(Can you feel the sarcasm dripping off the chin?)

      Yet I say, if you are too busy to care about your co-
      workers, too busy for some basic manners, then you are
      simply too busy. And to quote a wise and wonderful
      woman of my acquaintance, "You need to get over your
      cheap self!"

      Informality is not a bad thing. I still bridle when
      some barely literate caller from some company manages
      to get through my telephonic defenses and begins by
      calling me "Adam" right off. I'm sorry, but do I
      know you? Have you been given my permission to use
      my first name? Were you not taught to address
      strangers by their last names, especially older
      people? Where are standards?

      I believe that informality can and has degenerated
      into a slovenliness and a lack of manners and courtesy,
      both in the written and the spoken word. We are
      downright rude. Is that who we want to be?

      My concern is that the lack of civility in the little
      things gradually escalates into a lack of civility in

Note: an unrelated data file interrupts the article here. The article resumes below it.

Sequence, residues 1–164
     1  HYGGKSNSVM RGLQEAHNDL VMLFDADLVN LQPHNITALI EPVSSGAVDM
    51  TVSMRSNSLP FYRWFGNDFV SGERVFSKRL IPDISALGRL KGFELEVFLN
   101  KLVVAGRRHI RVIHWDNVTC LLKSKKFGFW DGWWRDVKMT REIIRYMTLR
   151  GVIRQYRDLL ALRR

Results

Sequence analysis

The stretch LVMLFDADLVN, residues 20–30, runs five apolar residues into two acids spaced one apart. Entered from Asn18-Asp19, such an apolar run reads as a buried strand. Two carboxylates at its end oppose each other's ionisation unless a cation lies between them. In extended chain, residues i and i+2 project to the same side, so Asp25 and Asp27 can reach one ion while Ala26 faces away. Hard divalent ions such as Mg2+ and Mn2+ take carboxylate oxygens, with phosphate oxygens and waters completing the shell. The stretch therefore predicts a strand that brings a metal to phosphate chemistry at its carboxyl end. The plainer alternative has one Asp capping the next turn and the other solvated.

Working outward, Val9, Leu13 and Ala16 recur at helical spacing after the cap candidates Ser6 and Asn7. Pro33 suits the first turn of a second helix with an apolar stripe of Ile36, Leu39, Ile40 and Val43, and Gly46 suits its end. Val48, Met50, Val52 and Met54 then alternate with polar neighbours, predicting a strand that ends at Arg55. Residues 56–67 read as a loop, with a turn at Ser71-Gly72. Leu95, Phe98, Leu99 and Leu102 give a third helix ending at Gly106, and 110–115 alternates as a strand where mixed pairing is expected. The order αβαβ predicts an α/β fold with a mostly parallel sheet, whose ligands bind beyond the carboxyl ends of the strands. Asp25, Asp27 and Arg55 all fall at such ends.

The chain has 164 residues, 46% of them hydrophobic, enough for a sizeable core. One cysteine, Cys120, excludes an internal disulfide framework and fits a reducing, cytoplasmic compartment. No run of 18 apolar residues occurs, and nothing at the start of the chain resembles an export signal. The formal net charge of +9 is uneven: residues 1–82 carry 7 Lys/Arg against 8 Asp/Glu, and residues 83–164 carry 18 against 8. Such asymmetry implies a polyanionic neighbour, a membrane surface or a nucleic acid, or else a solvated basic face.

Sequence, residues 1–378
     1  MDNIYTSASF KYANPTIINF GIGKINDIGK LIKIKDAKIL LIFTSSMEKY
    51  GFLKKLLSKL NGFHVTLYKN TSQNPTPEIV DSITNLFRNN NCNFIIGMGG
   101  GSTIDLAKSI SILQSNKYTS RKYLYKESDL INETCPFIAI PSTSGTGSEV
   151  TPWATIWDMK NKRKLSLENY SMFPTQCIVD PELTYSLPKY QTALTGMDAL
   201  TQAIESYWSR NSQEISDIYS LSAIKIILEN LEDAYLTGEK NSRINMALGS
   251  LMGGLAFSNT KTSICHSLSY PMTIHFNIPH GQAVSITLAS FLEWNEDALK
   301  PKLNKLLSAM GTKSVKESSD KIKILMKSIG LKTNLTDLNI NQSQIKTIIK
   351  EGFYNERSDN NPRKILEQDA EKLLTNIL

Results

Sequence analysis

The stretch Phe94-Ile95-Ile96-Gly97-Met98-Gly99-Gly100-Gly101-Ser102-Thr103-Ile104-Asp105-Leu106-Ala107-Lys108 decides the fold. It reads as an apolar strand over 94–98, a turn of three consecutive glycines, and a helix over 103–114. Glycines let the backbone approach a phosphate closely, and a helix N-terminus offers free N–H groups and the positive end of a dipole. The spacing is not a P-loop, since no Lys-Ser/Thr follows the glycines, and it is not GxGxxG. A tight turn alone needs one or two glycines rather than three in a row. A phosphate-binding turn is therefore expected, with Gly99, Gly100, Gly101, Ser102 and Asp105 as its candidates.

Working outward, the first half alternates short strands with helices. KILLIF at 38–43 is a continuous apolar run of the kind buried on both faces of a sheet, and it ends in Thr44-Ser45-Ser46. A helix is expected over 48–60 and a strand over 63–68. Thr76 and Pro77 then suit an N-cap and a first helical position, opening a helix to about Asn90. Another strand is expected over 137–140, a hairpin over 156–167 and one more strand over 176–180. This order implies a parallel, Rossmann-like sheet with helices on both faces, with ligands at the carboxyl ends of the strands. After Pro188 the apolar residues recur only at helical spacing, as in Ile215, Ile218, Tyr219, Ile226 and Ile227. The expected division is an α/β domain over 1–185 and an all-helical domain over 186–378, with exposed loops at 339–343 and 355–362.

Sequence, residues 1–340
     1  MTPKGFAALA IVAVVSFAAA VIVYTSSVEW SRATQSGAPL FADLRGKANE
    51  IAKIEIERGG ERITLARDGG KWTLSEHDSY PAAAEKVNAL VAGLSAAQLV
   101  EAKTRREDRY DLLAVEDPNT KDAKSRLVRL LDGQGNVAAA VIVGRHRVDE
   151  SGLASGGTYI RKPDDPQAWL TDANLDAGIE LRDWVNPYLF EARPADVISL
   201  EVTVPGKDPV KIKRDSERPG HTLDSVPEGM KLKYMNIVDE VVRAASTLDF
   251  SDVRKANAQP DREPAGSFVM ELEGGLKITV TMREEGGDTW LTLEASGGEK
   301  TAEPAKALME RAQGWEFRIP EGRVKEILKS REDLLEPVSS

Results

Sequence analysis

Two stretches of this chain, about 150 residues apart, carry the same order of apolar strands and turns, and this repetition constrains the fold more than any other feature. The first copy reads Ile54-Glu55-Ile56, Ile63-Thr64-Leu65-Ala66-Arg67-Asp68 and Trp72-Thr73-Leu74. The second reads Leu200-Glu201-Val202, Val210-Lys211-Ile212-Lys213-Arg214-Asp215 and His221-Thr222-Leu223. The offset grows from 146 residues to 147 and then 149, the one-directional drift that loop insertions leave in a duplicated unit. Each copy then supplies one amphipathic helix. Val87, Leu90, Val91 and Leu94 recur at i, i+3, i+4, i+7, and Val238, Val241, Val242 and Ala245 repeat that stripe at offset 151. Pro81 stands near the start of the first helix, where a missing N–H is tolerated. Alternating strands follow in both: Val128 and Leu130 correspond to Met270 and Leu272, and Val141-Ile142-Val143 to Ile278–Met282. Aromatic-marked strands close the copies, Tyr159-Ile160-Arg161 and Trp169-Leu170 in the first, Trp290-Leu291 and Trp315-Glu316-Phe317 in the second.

the greater things of life, and that results in a
      breakdown of civil society and the body politic. Do
      you think it is your right to simply cut in on a line
      of cars waiting patiently at a highway exit? Is it
      appropriate to apply your makeup or shave your surly
      face while driving to work? Is it considerate to be
      braying into your cell phone while waiting at the
      doctor's office or on line at the Giant or in other
      public spaces? (And do NOT get me started on the
      moral ciphers who chat away on their cell phones
      while driving, zipping in and out of traffic! More
      and more sensible jurisdictions are making the use
      of a cell phone while driving illegal.)

      Somehow it has become acceptable to inconvenience,
      delay, and even endanger others in our quest for
      speed, for our own convenience, for our own selfish
      ends. Is that who we want to be?